The changes that spring brings to the outdoor environment provide wonderful opportunities for science learning activities. Children can take nature walks to observe the new growth. They plant bulbs and flower seeds and care for their developing plants. They chart and graph the flower’s growth each week. Children have chances to explore the earth’s materials: rock, soil, and sand. They dig for soil samples and observe what is in the soil such as earthworms, leaves and rock. Rocks are fun to classify according to size, weight, shape, and color. The children learn about the water cycle as the rainy season arrives in early spring. Wind is also a concept which children experiment with…creating windsocks, pinwheels and classifying items the wind can blow and cannot blow. Watching caterpillars change into butterflies and tadpoles into frogs are ways to learn about metamorphosis.
What can young children do as “scientists”? They can use the scientific method by observing and predicting. They can test predictions or answer questions by using simple experiments and recording their findings. They can acquire basic vocabulary for plants, animals, and humans. They can use language to demonstrate knowledge of physical change and how matter can change form. They can demonstrate the understanding that living things change as they grow, and they can use words related to weather and environmental phenomena. They also learn how to develop environmental responsibility by caring for their environment, sorting materials for recycling, and discussing in simple terms how humans can care for or harm the environment.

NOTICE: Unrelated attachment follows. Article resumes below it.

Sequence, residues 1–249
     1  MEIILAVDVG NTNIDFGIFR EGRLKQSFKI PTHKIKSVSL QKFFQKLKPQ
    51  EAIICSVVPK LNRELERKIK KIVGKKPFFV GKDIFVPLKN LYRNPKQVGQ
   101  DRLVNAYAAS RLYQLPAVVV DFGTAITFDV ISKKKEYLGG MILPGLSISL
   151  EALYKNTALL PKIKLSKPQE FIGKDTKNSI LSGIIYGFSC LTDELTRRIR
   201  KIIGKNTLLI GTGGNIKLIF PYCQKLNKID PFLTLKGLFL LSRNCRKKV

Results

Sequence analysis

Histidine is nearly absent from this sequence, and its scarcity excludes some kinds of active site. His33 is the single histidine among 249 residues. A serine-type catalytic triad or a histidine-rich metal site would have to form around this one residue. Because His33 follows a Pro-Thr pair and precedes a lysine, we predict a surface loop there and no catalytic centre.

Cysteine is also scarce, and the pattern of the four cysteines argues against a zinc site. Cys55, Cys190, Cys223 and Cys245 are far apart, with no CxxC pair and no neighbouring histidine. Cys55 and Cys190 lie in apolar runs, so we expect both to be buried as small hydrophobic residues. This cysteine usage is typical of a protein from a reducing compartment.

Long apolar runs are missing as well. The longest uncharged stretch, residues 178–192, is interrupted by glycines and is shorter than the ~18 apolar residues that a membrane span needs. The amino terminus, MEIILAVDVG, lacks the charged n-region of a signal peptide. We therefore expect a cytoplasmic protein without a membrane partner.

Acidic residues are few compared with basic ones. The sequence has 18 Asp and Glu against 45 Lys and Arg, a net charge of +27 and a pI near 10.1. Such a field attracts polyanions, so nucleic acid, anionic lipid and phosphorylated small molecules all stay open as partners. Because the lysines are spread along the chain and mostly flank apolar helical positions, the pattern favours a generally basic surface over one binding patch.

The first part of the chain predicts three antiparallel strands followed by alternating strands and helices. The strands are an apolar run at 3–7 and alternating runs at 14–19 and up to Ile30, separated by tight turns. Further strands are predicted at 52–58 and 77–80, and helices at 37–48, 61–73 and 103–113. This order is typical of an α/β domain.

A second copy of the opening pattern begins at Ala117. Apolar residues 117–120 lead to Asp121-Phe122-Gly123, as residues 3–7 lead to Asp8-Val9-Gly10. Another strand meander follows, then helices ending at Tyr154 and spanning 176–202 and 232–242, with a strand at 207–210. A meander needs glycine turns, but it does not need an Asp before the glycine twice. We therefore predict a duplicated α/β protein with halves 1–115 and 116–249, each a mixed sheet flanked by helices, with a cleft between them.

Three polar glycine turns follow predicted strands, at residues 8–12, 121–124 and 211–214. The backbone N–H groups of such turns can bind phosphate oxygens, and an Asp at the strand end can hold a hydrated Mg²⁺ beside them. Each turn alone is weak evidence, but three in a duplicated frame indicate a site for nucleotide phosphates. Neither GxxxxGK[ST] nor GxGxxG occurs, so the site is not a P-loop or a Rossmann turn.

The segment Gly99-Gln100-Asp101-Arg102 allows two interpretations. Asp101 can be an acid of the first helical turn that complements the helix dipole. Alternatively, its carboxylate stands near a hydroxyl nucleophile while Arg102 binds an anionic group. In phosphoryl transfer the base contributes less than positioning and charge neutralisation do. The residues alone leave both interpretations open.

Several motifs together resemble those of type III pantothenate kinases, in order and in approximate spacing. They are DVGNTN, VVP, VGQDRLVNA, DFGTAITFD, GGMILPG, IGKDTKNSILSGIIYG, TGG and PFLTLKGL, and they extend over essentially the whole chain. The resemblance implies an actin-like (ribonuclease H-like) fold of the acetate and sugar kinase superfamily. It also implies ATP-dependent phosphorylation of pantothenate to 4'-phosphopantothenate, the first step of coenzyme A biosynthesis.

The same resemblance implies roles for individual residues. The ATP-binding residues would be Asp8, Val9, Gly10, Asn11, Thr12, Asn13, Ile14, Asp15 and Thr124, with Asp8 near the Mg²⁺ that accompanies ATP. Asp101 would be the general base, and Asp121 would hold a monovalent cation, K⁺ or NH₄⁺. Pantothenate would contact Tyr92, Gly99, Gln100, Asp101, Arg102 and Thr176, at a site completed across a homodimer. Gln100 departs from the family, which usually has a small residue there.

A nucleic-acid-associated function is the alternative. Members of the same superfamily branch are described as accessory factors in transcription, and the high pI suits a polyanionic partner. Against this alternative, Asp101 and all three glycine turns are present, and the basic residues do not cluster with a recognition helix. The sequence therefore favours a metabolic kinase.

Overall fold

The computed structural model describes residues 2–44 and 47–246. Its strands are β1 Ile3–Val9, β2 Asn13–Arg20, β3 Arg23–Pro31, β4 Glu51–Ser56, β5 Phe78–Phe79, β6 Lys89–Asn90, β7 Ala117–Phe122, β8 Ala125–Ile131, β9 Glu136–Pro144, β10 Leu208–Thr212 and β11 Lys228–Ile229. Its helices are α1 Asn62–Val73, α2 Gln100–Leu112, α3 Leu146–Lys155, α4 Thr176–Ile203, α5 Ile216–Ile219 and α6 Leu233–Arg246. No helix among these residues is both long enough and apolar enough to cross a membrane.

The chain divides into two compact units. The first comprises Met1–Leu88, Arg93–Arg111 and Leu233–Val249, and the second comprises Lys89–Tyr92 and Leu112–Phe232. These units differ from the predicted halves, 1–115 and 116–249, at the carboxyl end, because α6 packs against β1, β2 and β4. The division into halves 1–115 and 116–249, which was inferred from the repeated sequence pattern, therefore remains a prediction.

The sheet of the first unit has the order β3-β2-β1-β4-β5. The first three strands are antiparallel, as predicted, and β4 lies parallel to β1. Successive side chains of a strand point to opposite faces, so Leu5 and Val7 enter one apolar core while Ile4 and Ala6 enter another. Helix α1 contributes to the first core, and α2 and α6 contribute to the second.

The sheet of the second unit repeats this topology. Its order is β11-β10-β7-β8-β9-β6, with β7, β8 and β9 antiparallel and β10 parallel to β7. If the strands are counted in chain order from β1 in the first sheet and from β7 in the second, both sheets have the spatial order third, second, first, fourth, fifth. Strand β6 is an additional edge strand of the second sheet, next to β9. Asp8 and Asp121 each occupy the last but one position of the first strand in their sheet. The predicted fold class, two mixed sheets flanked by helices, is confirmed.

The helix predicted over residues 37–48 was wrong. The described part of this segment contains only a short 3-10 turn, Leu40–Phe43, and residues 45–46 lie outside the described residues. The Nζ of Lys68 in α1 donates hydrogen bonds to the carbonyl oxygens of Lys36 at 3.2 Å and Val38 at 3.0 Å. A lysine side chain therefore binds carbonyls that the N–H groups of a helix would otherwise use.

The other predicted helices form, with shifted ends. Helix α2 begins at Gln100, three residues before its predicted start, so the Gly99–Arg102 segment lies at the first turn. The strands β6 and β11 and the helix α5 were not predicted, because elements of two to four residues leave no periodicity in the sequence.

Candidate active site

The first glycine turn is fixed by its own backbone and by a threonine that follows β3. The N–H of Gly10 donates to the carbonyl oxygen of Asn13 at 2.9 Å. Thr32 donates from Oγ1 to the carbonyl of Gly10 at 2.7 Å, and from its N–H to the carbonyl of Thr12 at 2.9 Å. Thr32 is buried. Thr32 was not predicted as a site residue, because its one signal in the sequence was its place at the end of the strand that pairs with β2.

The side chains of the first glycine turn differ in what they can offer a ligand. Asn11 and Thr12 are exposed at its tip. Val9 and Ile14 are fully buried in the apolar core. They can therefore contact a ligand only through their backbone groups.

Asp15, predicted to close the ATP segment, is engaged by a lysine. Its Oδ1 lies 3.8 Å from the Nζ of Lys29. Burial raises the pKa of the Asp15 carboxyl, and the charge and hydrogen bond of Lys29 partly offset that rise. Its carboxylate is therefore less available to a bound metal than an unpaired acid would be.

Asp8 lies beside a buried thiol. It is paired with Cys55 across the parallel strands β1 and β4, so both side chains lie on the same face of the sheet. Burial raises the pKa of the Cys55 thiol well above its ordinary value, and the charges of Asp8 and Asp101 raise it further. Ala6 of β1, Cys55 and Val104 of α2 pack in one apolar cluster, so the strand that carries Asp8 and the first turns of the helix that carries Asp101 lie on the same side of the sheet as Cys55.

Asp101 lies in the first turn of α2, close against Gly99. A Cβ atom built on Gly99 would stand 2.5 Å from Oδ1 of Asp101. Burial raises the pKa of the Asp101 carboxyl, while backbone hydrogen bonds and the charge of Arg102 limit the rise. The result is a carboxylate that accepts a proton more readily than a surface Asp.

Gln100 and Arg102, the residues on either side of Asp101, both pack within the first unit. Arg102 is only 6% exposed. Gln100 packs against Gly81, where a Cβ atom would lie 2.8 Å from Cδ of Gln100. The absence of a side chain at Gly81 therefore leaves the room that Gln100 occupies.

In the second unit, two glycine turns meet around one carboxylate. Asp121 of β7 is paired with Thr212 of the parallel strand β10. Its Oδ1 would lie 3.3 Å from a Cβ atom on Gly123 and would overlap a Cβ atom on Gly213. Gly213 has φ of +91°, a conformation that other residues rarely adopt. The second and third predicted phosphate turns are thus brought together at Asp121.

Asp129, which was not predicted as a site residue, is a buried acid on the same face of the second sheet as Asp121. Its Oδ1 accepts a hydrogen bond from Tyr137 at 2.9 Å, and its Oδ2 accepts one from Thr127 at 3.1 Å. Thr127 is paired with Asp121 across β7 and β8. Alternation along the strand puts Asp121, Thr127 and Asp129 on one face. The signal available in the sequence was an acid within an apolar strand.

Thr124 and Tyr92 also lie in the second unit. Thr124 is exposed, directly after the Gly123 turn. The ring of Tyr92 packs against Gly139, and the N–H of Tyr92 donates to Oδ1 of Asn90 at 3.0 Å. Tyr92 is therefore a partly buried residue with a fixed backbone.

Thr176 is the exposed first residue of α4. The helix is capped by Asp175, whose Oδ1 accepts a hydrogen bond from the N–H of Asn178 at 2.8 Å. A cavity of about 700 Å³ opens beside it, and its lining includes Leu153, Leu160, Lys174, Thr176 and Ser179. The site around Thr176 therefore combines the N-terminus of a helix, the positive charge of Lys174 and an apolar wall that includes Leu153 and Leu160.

Science for early childhood MUST be experiential, with hands-on activities and materials that children can explore. Science should be integrated into other content areas and used in songs, finger plays, and other daily activities and pointed out in everyday life. The classroom teachers make this type of learning a priority when they create their lesson plans!
QUESTIONS FOR THE DIRECTOR
Each month I will focus on a question or two from the parents. Please send your questions to the director at:
QUESTION: What is the difference between direct instruction like in my child’s elementary school and the child-initiated activities that you talk about in free play?
ANSWER: There are many important differences in what type of instruction is developmentally appropriate for young children. In the preschool environment, child-initiated instruction is best.
Direct instruction is dependent on adults’ instruction and often is done by seatwork. If children are exposed to direct instruction in the preschool years, they can intellectually outperform peers usually up to a year after preschool, but then the “playing field” evens out. Children exposed to direct instruction in preschool tend to score lower in inventiveness and have only a short-term success on standardized tests. Their reading disposition can be lost by drills and practice. Children can often feel incompetent if they don’t “get it” early and this can grow into the self-fulfilling prophecy of “feeling stupid”.
Child-initiated instruction makes children active constructors of knowledge. There are many learning centers and play-based activities that encourage exploration and child interaction. Children who are exposed to child-initiated instruction tend to have higher verbal-social participation with their peers and are more ambitious. They exhibit lower levels of test anxiety and less stress since they have learned to use divergent thinking and have a good sense of self-esteem. This type of instruction facilitates creativity and better verbal skills. The advantages of a child-initiated instructive environment are what make this type of teaching developmentally appropriate for young children.